Digital filters are very flexible in the frequency response repertoire they can realize, and have the advantage of no tolerances. On the other hand, the signal to be filtered must first exist in digital form and the required analog-to-digital convertors restrict both the dynamic range and speed. Digital logic power consumption is also a factor which restricts such filters to the 300 kHz region or below in practical applications.
The frequency range upon which the present invention focusses is the 0.3 MHz to 300 MHz region. This is above the range of most of the techniques mentioned while being below the range for transmission line solutions. Hitherto there has been no practical silicon-integrable solution for these three decades of frequency, which encompass virtually the entire radio communications frequency spectrum. Accordingly, the present invention was conceived to address this important range of frequencies. The present invention makes use of concepts of the distributed RC techniques mentioned above.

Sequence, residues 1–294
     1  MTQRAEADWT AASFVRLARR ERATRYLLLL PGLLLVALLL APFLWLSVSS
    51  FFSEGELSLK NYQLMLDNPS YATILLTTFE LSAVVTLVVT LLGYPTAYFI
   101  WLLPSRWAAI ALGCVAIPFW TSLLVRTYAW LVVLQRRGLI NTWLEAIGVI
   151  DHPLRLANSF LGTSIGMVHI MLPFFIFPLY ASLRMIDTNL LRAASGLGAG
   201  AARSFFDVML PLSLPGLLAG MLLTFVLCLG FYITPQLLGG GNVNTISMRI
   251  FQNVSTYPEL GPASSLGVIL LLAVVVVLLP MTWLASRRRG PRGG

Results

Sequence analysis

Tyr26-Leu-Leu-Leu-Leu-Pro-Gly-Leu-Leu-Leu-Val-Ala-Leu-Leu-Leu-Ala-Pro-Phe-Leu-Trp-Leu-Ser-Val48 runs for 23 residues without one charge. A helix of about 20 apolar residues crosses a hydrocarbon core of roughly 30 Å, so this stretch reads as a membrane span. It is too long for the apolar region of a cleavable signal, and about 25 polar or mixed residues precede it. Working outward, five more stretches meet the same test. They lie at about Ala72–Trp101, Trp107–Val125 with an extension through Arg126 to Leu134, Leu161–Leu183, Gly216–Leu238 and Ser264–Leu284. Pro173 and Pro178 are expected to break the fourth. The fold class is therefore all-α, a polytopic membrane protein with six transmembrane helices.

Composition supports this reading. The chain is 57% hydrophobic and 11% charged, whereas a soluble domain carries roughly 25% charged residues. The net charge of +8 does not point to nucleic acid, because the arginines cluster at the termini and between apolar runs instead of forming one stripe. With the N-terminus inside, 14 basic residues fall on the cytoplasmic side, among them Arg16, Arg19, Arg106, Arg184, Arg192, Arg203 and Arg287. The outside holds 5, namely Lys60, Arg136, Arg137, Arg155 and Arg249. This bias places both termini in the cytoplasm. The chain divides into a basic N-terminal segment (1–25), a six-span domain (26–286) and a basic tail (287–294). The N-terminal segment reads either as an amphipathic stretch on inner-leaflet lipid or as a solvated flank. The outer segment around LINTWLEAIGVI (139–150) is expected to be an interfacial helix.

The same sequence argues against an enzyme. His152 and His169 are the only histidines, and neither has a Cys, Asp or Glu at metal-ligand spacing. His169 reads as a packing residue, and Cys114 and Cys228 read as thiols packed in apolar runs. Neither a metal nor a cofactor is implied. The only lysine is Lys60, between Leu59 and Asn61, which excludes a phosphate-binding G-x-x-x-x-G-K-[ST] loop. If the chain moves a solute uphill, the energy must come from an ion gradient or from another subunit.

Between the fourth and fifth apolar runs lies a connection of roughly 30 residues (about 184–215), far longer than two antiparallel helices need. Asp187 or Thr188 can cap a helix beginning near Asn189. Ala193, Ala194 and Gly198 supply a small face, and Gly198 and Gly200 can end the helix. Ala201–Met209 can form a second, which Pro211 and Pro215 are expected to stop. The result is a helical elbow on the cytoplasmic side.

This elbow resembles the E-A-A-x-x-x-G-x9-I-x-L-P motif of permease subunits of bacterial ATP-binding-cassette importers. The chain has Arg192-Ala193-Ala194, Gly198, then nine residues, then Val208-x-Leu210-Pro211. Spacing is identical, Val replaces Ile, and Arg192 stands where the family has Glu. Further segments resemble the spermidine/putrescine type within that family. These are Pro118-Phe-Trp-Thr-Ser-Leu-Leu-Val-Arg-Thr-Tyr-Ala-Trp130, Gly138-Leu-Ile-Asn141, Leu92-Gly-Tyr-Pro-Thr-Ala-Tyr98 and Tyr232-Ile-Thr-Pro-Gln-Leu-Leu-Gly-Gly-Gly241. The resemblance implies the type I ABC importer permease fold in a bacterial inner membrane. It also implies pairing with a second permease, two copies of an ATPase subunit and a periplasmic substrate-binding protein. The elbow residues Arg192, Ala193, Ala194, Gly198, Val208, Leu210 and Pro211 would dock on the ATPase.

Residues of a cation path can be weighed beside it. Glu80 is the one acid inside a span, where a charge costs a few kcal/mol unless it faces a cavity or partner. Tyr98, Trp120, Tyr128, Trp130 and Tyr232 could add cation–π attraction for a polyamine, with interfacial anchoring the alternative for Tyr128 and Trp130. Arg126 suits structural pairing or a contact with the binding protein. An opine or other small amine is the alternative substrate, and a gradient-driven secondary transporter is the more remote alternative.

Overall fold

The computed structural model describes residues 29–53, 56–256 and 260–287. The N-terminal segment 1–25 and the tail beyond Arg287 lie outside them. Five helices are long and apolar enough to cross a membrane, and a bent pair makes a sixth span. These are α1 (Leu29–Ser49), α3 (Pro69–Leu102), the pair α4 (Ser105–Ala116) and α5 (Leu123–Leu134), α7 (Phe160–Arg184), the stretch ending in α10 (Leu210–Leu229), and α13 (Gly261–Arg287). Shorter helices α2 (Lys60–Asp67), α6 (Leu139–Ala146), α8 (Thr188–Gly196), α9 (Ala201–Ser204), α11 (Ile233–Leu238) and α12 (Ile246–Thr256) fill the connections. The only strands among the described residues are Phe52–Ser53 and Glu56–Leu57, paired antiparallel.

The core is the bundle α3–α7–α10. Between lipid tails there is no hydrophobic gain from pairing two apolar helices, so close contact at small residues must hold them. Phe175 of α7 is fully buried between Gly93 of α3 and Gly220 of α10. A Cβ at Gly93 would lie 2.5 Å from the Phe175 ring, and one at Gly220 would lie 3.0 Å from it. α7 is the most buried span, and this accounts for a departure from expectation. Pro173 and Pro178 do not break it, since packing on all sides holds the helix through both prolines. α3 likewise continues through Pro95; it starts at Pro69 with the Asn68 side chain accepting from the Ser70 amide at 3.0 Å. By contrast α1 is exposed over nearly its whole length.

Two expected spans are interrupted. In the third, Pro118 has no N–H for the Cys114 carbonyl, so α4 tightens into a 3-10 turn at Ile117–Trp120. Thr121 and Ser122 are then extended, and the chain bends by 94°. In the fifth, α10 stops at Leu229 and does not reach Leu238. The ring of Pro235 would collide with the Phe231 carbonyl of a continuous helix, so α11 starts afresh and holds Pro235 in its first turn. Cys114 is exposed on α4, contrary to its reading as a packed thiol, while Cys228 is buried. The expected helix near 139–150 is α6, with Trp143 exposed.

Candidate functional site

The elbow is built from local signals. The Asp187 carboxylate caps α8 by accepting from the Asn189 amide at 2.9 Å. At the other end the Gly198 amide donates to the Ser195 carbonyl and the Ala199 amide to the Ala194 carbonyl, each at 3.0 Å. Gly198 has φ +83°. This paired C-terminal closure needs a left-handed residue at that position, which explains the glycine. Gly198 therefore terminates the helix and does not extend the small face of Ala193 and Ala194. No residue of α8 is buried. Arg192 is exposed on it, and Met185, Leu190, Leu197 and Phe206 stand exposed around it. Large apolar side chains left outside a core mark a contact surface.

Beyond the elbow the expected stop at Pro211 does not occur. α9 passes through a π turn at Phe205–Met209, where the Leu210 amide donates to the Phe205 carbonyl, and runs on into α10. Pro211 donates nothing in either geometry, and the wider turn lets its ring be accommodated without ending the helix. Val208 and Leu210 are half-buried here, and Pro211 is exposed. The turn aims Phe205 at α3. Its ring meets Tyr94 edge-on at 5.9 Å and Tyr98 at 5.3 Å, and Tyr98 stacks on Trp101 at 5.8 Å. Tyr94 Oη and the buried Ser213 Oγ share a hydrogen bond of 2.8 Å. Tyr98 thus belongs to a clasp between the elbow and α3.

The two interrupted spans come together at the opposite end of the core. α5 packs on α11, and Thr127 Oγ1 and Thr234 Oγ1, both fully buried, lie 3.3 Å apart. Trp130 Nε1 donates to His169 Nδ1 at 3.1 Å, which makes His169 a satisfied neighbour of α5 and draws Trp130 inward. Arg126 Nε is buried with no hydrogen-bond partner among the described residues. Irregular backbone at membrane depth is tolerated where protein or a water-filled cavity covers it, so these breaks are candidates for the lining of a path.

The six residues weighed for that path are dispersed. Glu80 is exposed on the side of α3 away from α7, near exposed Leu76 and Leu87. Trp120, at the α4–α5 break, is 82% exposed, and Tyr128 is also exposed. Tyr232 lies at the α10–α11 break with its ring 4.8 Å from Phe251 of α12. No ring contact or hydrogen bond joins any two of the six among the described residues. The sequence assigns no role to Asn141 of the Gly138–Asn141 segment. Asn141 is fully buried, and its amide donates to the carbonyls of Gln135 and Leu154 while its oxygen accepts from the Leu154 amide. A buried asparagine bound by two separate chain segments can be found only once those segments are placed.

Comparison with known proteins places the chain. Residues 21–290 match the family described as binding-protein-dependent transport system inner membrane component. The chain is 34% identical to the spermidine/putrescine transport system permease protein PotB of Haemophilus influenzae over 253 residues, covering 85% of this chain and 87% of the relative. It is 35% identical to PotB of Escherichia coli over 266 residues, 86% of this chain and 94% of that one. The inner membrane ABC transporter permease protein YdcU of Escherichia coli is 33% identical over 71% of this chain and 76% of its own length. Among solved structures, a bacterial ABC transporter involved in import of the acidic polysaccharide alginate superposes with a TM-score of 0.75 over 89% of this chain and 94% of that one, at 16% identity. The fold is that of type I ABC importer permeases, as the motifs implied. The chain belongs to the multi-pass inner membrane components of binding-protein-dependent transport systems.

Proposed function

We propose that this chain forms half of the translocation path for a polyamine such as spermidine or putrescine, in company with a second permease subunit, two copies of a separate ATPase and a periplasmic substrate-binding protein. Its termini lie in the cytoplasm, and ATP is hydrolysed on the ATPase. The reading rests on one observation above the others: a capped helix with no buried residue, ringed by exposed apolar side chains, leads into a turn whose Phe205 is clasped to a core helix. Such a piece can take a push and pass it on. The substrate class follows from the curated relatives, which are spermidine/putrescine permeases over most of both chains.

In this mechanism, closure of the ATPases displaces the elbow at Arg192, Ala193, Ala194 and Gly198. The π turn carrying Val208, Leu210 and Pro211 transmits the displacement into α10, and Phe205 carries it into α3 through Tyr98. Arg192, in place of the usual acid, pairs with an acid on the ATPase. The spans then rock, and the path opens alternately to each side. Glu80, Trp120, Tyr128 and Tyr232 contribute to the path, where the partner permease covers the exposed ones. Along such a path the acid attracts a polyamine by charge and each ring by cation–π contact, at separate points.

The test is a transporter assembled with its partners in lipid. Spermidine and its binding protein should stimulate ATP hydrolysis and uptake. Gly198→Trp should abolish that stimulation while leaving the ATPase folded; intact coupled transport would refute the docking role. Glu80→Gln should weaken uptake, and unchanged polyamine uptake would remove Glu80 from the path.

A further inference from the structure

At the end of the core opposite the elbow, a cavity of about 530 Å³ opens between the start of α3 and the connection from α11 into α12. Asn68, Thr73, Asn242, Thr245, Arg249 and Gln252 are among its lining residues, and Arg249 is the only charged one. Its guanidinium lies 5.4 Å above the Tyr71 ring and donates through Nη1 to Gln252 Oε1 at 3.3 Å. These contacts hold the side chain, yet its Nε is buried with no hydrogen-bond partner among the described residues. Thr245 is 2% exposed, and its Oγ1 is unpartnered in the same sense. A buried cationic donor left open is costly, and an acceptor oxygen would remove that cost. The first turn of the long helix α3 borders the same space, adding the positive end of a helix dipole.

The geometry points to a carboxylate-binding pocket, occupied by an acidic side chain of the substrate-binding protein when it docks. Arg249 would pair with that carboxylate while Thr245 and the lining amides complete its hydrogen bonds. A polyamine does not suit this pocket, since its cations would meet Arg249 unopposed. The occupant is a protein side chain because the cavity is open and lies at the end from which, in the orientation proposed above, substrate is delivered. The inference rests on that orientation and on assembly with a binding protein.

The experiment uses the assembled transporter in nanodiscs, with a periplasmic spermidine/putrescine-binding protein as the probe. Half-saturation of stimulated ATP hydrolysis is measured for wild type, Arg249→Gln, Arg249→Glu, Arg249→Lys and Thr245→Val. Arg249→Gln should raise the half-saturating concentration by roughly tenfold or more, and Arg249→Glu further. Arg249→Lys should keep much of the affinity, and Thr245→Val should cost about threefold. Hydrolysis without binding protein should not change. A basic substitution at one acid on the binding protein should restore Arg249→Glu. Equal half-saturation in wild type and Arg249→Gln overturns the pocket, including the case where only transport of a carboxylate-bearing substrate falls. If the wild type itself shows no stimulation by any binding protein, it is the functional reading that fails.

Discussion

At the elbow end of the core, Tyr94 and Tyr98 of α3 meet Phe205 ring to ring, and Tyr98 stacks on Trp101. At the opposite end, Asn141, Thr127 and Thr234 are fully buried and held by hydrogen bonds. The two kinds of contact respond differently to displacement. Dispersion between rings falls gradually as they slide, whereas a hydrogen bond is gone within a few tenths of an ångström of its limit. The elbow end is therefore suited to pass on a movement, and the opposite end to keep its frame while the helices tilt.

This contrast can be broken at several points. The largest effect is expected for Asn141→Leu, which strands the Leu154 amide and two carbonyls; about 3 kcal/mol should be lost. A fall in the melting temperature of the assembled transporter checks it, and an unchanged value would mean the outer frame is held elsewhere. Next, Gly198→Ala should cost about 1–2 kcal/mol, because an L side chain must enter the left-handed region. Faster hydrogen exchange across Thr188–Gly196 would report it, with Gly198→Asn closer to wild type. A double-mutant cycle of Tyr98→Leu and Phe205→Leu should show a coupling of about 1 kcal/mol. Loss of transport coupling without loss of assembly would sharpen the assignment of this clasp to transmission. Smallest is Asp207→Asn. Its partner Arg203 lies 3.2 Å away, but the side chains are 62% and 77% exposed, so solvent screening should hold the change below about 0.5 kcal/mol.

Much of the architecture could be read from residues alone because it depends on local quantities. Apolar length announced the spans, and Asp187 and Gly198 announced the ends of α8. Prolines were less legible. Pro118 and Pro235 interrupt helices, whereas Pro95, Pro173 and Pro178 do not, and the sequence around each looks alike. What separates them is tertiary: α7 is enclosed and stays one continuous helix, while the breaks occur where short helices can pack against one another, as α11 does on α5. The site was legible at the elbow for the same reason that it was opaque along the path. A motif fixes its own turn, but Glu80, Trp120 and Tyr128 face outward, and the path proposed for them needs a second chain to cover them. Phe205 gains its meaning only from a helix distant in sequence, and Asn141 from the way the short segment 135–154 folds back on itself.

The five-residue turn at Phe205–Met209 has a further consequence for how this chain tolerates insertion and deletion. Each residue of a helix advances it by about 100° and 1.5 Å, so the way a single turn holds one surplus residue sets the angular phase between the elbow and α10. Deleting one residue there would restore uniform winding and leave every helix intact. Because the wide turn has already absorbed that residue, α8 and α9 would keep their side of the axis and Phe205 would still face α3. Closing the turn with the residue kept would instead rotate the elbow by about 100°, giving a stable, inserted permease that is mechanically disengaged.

The present invention relates to methods and apparatuses for the realization of frequency band-stop, band-pass and low pass filters as integrated circuit elements on a silicon chip.
The inventive method allows the manufacture of continuous-time, analog filters in frequency ranges not conveniently covered by other, known techniques. Such filters are typically required in the generation of complex-modulated radio signals with the aid of digital signal processors and quadrature modulators. The inventive filters are aimed to be suitable for construction as part of integrated circuits for analog or mixed analog/digital radio communications signal processing applications.